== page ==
10 Harvest of the Sixties. English Literature and its Background 1960 to 1990 (Oxford: Oxford University Press, 1995), 27.

11 Required Writing. Miscellaneous Pieces 1955-1982 (London: Faber, 1983), 297: (from the Introduction to All What Jazz, 1970): "This is my essential criticism of modernism, whether perpetrated by Parker, Pound or Picasso: it helps us neither to enjoy nor endure. It will divert us as long as we are prepared to be mystified or outraged, but maintains its hold only by being more mystifying or outrageous: it has no lasting power. Hence the compulsion on every modernist to wade deeper and deeper into violence and obscenity: hence the succession of Parker by Rollins and Coltrane, and of Rollins and Coltrane by Coleman, Ayler and Shepp. In a way, it's a relief: if jazz records are to be one long screech, if painting is to be blank canvas, if a play is to be two hours of sexual intercourse performed coram populo, then let's get it over, the sooner the better, in the hope that human values will then be free to reassert themselves."

12 Sense of place: Regionalität und Raumbewußtsein in der neueren britischen Lyrik (Tübingen: Niemeyer, 1993) 136; modern architecture has been a bone of contention per se, see, for instance B. Allsopp and U. Clark in English Architecture. An Introduction to the Archtectural History of England from the Bronze Age to the Present Day (Stocksfield: Oriel Press, 1979), 120: "Social and spiritual malaise found expression in deliberately ugly architecture to which the name 'Brutalism' was given. [...] Growing bureaucracy meant that design was de-personalised. Many architects ceased to believe in architecture as an art."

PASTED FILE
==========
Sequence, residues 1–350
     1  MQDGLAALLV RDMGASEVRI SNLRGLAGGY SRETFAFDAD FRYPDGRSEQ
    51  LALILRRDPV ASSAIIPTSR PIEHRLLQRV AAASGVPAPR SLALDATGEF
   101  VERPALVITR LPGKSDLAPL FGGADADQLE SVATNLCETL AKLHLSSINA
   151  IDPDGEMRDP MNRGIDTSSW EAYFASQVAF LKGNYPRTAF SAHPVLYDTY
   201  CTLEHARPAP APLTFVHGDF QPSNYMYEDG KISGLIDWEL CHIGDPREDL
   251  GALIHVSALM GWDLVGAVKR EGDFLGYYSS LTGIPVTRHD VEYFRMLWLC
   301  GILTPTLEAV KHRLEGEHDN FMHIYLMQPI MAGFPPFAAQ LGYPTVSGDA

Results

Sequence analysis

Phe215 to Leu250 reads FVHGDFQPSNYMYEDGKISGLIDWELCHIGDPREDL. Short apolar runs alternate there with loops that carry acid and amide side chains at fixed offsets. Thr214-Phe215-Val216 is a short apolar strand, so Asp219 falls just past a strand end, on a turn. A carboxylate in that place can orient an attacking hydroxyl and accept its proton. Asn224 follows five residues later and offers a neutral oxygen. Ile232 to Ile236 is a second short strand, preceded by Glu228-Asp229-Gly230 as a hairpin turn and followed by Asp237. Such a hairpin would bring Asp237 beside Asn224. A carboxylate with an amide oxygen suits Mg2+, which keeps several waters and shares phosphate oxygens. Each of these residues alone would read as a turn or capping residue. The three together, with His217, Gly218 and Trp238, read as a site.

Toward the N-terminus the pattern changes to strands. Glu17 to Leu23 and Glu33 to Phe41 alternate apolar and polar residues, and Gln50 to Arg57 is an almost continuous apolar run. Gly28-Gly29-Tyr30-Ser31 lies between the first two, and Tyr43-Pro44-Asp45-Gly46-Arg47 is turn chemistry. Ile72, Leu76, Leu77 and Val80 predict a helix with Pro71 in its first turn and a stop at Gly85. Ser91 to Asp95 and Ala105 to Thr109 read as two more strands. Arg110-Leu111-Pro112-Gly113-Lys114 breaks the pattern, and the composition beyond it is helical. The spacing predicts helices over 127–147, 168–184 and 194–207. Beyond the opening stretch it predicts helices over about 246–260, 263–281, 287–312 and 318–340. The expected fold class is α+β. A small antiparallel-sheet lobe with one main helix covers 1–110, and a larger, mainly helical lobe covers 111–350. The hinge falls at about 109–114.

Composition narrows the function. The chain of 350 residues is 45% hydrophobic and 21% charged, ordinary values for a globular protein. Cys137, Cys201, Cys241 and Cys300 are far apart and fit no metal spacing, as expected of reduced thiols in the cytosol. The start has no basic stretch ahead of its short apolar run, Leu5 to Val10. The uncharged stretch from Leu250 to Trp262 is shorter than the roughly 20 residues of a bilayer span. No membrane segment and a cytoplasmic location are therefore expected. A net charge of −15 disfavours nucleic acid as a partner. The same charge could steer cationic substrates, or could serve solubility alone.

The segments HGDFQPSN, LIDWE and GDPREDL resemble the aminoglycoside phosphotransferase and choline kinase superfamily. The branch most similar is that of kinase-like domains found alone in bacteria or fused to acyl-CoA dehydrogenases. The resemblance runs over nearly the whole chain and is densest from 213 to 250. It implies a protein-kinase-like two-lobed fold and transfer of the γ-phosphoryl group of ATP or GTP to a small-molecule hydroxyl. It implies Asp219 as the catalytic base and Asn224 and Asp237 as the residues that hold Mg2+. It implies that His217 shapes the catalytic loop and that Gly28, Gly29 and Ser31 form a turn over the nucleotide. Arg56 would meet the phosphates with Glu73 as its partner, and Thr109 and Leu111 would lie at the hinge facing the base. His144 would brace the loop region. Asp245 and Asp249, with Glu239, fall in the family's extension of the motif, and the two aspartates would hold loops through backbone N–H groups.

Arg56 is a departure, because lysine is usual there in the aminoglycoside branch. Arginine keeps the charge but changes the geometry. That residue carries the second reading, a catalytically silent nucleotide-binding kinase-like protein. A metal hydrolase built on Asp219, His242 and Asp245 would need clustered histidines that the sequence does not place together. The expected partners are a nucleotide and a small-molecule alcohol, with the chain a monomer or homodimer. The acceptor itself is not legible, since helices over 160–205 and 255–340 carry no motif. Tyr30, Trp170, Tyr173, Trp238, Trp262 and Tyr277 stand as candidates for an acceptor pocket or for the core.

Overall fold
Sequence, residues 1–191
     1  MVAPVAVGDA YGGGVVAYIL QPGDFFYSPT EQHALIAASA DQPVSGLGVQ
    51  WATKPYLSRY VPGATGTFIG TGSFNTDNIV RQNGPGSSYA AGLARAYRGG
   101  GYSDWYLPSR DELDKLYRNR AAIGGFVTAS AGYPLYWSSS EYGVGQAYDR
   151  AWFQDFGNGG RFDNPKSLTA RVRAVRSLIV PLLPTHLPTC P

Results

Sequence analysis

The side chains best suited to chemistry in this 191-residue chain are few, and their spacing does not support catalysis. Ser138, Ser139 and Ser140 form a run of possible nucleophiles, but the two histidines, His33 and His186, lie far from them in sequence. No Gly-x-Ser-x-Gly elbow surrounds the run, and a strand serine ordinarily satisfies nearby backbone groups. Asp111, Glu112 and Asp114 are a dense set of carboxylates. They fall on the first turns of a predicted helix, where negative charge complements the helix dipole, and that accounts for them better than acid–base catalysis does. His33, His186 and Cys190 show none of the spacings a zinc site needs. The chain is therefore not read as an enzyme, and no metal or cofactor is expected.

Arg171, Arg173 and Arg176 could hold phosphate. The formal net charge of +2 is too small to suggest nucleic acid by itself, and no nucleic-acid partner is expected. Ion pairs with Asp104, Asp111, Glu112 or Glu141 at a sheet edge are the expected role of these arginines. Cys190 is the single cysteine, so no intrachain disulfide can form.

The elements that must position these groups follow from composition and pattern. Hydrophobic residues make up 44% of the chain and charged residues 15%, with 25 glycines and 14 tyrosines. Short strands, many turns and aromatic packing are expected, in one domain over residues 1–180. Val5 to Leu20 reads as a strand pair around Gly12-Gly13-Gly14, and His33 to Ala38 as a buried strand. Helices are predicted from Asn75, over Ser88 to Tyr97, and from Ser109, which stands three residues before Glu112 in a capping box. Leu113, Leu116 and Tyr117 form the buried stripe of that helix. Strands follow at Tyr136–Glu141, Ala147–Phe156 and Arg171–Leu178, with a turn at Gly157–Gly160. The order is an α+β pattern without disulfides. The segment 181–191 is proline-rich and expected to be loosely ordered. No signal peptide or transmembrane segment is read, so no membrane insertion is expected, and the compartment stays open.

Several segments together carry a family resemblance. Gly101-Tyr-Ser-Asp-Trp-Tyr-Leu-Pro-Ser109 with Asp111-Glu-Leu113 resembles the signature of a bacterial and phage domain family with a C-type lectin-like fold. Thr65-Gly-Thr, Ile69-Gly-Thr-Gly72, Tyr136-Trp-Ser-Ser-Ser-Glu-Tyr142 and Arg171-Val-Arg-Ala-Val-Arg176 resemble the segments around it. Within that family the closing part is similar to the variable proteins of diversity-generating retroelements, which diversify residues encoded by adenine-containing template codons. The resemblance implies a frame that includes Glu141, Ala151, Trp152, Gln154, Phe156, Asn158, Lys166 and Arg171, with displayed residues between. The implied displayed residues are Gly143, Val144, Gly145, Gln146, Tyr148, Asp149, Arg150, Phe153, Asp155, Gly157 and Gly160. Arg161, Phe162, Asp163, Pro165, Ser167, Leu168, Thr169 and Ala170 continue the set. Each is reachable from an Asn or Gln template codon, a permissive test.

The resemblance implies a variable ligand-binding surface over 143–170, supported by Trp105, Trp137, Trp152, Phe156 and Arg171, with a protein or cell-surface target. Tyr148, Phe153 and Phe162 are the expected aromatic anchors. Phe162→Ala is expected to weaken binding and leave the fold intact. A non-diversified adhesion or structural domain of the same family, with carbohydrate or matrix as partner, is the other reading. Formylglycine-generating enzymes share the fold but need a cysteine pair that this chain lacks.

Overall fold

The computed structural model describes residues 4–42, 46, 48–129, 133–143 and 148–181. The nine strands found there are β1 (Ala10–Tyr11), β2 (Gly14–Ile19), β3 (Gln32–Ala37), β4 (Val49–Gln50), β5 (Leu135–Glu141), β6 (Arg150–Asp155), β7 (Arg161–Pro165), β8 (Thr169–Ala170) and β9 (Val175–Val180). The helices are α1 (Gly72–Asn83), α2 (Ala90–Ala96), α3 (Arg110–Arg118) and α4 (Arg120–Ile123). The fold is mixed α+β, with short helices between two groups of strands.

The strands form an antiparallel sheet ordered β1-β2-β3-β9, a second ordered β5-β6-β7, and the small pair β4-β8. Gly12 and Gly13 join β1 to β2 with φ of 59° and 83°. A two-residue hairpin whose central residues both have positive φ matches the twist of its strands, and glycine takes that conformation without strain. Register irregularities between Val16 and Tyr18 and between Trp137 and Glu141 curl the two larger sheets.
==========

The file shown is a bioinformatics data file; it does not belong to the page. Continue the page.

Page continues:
13 See Swarbrick, Out of Reach, 130; for 'Brutalism' see the preceding note.

14 See Andrew Motion, Philip Larkin. A Writer's Life (London: Faber, 1993), 419-20.

15 Philip Larkin. Writer (Hemel Hempstead: Harvester Wheatsheaf, 1992) 147.

16 See Étienne Galle, "Dualité, limite, totalité, transcendence chez Philip Larkin." Études britanniques contemporaines. Revue de la Société d'Études Anglaises Contemporaines. Numéro spécial "Philip Larkin". Agrégation (Paris: SEAC, 1994), 71-83; Galle suggests that suggests that "Larkin emprunte à Dante et à Kafka pour faire de sa construction un lieu sans espérance et un cauchemar," 78.

17 Salem K. Hassan, Philip Larkin and his Contemporaries. An Air of Authenticity (Basingstoke: Macmillan, 1988), 111.

18 See Stefanie Christmann, Ordnung und Konservatismus. Ästhetische und politische Tendenzen in der englischen Lyrik nach 1945. Studien zu den lyrischen Werken von Donald Davie, Philip Larkin und Charles Sisson (Frankfurt am Main: Lang, 1998), 179, on the traditional hierarchies inherent in the image of the building.
However, the immediate vicinity creates its own significance. The "locked church" - as Booth, Philip Larkin. Writer put it, "a rival gesture of architectural transcendence" (148), recalls one of Larkin's greatest poems. The closing stanza of "Church Going" is, more memorable for its laconic intensity than for its anti-modernism:

A serious house on serious earth it is,
In whose blent air all our compulsions meet,